True Colours stars Rarriwuy Hick and many other Indigenous Australian actors in a murder mystery. The four part series is slow moving police work coupled with a look into the lives of Indigenous people and how they exist with the white colonizers.
True Colours is set in a fictional community called Perdar Theendar, near Alice Springs. A young woman is murdered. Police detective Toni Alma (Rarriwuy Hick) is sent to the community by her boss, Inspector Meaks (Emma Jackson), because she grew up there.
We learn immediately that Toni can’t speak to several members of the community or be in their presence, but the boss sends her anyway. The cultural taboo that makes Toni unable to interact with certain people is not explained.
She’s related to about half the people she’s sent to investigate and it makes it an awkward balancing act to learn what happened.
There’s also a strong thematic conflict between the blackfella system of justice vs. the whitefella system of justice. Solving the murder is one thing, but choosing how to deal with the guilty party is a whole other discussion. Since Toni lives on both sides of this line, she’s always torn about what to do with what she learns.
Toni has just broken up with her boyfriend and police partner, Nick (Luke Arnold). After Toni realizes the young girl Mariah (Janaya Kopp) was actually murdered, Nick is sent to assist in the investigation.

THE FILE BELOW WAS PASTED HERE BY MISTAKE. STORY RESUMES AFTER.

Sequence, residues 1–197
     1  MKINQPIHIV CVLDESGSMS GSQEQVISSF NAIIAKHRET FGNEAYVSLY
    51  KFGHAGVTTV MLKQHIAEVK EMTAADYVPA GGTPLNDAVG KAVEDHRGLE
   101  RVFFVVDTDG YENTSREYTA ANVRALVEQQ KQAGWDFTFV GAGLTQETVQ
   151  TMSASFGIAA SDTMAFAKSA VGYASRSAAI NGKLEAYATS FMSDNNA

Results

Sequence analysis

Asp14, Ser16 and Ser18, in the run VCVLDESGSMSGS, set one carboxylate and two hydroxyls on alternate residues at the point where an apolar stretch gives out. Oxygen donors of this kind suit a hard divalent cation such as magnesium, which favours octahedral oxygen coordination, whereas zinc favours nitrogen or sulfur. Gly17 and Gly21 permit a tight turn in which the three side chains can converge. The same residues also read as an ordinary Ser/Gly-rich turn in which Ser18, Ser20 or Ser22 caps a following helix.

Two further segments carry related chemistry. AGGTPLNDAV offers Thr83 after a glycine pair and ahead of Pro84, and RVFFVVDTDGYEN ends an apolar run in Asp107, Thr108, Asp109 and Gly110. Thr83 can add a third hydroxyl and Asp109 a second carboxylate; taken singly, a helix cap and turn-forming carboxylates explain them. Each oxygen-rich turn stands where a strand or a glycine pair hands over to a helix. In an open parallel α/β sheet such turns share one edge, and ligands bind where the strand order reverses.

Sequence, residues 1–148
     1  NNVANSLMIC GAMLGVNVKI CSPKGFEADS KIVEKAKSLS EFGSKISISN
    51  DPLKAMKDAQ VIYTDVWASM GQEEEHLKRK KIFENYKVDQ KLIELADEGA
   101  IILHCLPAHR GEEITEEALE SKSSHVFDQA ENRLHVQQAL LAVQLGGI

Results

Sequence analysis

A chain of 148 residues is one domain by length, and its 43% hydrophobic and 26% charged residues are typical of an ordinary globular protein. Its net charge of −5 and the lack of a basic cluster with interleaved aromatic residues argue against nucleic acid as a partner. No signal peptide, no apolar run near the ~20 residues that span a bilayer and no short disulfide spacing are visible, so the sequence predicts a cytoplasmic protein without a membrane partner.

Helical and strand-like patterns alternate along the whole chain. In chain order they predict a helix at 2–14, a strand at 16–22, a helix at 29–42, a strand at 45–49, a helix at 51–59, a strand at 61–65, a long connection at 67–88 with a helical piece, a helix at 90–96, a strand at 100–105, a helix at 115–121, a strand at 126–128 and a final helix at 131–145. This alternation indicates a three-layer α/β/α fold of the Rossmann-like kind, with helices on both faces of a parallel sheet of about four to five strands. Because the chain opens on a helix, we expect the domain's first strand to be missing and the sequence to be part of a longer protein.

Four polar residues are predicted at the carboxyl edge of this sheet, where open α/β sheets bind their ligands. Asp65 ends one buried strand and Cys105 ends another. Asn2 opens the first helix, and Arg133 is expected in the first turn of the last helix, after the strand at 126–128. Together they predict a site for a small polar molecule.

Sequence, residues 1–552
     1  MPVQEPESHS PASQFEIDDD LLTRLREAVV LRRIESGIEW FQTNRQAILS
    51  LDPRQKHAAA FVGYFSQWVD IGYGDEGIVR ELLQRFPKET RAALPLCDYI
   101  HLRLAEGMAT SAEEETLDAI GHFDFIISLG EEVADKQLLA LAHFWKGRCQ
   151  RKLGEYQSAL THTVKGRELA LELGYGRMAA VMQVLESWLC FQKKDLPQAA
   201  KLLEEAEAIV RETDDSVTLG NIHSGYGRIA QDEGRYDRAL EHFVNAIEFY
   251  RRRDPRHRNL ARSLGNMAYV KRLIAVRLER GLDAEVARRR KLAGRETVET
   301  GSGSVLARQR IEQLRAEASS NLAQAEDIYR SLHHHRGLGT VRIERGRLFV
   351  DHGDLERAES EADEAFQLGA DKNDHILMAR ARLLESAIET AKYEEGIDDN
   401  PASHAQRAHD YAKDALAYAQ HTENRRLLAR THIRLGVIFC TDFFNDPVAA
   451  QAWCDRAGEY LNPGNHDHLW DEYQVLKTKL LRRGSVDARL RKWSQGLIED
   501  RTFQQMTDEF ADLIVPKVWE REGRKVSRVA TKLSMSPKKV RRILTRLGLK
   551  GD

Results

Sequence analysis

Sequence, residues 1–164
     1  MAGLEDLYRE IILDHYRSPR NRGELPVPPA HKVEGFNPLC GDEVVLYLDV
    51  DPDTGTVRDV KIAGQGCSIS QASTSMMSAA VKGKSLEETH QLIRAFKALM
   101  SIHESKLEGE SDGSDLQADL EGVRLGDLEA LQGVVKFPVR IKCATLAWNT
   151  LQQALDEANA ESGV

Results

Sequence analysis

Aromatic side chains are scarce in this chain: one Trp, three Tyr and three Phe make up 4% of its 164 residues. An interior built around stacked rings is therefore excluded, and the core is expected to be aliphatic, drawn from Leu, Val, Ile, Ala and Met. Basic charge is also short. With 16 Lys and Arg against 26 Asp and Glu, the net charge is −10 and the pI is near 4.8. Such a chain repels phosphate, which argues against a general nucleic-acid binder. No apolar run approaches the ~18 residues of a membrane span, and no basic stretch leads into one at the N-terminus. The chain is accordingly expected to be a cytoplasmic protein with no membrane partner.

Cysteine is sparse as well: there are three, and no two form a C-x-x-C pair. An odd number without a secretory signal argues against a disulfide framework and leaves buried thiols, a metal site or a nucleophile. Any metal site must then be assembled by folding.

Toni’s uncle Samuel Alma (Warren H Williams) is the police in the community. His sister is Toni’s mother Vivienne Alma (Sabella Kngwarraye Ross Turner). The white woman Isabelle (Miranda Otto), is in the midst of putting together a collection of Indigenous art to show in Paris.
Toni’s mother as well as a number of other women spend their days painting large works that Isabelle will sell.
By the time the investigation is finished, Toni’s brother Brendan Alma (Kurt Abbott), her mother, and her uncle all seem involved in what happened. There’s art involved and a market for sacred and ancient art that the murdered girl was profiting from. Women aren’t even allowed to look at the sacred art created by men, yet it’s being taken away and sold.
The police work is slow and steady, but the real draw in this series is the look at Indigenous culture and customs. I thought that was much more interesting than the mystery that needed solving. The police case was just a way to explore some of those aspects of Australian life.
Erica Glynn directed half of the episodes. You can see the series on AMC+, Roku Channel, Sundance Now, Spectrum TV, Prime Video, Apple TV or Vudu. Here’s a link to the trailer.